How to Talk about Allergies in Chinese

Guide to Allergies in Chinese

Spring is a wonderful season. The long, dark, winter months are behind us.

We are ready to enjoy the rebirth of nature. The days are starting to get longer and it starts to feel warmer. Birdsong reaches a peak during this season. Hibernating animals come out of their winter sleep and flowers bloom. Everything returns to a state of luscious green and vibrant colours, but, wait… it’s not all a bed of roses!

While discussing all the positive aspects of Spring there is one “minor” detail we forgot to mention which varies on the person. Allergic reactions!

Starting from allergies common in Spring, let’s learn how to talk about allergies in Chinese!

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I am allergic – Allergies in Chinese

Allergies in Chinese

Allergies in Chinese

The word for “allergic” and also “allergy” in Chinese is 过敏 (guòmǐn) so it can be both a noun or a verb.

If you want to say “I have a skin allergy” you would say “我有皮肤过敏” (Wǒ yǒu pífū guòmǐn).

However, if you want to say “I am allergic to something”, to dust, for example, you would say “我对灰尘过敏” (Wǒ duì huīchén guòmǐn)…

Literally “我 I + 对 to + 灰尘 dust + 过敏 allergic”.

So if you want to say you are allergic to pollen in Chinese you’d say “我对花粉过敏” (Wǒ duì huāfěn guòmǐn).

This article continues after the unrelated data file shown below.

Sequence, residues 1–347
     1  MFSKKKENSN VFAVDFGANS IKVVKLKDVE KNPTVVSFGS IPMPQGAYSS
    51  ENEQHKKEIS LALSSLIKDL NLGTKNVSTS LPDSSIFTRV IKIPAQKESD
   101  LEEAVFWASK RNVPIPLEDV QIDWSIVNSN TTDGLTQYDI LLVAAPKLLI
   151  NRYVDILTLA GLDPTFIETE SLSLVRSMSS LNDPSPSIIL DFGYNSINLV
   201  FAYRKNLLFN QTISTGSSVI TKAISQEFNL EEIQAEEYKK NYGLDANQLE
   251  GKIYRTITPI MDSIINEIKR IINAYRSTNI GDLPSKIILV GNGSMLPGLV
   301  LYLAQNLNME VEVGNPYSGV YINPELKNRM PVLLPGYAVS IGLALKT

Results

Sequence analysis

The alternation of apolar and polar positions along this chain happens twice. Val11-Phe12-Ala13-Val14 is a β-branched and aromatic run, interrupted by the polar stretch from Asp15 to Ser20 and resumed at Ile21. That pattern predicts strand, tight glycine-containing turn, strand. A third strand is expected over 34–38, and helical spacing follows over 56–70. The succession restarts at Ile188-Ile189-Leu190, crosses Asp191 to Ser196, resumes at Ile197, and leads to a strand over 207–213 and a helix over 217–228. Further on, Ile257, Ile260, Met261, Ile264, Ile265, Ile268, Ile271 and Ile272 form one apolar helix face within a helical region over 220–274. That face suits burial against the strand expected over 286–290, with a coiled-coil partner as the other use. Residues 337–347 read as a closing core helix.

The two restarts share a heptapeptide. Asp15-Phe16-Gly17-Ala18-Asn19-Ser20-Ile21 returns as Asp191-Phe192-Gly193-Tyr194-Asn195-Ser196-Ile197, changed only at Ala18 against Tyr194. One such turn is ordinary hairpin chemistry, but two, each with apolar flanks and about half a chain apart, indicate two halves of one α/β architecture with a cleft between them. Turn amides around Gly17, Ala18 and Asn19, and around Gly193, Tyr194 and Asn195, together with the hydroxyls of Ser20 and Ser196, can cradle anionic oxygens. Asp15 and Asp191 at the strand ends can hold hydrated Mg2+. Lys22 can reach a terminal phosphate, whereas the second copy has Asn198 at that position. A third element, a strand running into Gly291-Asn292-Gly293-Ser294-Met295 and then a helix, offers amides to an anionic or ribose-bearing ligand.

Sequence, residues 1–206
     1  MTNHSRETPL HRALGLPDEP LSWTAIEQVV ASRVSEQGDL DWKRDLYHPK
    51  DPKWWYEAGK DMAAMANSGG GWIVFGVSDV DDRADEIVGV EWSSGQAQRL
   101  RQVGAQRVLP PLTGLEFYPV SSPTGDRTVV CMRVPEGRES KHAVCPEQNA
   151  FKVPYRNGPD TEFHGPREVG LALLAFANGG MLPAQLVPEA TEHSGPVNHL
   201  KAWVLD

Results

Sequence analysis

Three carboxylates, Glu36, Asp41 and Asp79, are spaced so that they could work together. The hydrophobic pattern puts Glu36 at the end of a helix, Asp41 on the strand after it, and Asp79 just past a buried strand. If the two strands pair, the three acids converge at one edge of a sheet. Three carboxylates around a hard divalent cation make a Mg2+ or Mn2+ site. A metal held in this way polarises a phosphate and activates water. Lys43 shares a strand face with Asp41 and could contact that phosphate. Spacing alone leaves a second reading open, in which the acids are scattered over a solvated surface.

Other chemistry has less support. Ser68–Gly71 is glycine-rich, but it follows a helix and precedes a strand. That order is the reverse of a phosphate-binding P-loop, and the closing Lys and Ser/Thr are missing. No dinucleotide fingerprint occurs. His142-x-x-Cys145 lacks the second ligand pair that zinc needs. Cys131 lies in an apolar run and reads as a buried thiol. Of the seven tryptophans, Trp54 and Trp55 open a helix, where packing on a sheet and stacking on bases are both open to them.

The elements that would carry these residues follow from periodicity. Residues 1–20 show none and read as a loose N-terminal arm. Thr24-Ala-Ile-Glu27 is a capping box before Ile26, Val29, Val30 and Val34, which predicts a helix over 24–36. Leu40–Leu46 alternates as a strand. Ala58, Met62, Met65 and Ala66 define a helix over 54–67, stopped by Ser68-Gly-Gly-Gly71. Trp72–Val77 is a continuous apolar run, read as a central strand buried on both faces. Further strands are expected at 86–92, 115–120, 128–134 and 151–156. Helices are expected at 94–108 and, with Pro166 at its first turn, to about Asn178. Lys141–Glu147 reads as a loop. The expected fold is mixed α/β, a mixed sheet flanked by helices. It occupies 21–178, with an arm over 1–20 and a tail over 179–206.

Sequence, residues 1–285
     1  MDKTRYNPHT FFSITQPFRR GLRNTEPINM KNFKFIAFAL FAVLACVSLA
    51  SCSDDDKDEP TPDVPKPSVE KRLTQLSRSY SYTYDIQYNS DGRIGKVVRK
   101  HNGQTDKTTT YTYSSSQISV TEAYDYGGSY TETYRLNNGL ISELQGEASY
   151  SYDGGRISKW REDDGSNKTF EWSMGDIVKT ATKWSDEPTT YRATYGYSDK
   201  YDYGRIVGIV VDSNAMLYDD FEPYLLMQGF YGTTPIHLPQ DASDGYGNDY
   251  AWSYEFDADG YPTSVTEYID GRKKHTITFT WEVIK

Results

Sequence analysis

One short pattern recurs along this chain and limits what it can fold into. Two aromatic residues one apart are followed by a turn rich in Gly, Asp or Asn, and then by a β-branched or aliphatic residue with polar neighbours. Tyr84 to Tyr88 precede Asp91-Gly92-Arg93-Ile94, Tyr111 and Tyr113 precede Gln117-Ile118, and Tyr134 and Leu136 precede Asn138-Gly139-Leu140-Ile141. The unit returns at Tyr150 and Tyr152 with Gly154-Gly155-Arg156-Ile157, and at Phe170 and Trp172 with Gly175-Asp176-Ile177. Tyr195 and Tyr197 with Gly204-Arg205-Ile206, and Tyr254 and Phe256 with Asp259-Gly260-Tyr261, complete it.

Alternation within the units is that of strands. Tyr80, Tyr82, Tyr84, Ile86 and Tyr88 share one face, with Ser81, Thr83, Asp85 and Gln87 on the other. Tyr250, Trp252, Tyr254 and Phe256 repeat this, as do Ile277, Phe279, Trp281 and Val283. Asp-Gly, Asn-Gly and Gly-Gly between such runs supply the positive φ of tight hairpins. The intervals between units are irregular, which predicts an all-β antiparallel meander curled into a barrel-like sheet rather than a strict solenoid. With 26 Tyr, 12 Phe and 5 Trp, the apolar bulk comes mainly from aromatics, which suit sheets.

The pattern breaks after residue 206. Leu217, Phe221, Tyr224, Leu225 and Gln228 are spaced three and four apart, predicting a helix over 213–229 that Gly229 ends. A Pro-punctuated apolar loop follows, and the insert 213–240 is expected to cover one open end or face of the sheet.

Pollen in Chinese is literally “flower powder” = 花 (huā) flower + 粉(fěn) powder.

Another common allergy typical of Springtime is “hay fever” (allergic rhinitis).

The nemesis of so many around the world! Hay Fever is characterized by a runny nose 流鼻涕 (liú bítì) 流 “to flow”+ 鼻涕 “nasal mucus”, sneezing 打喷嚏(dǎ pēntì), and stuffy nose 鼻塞 (bísè). “Hay fever” in Chinese is “花粉症” (huāfěn zhèng). The character 症 (zhèng) is used for any kind of disease or illness.

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What about addressing someone after they sneeze?

How do you say “bless you” in Chinese when someone sneezes?

Achoo - Allergies in Chinese with LTL

During Chinese classes when foreign students ask, teachers usually say that the Mandarin version of “Bless you” 一百岁 (Yībǎi suì) which literally means “one hundred years”, as to wish to the one who sneezed to live 100 years, cause, as we know sneezing cuts years off your life!

We hope our post was useful for you when talking about allergies in Chinese.

We have more coverage on allergies in China including our post on Danger Zones in China if you are allergic to peanuts, alongside much more.

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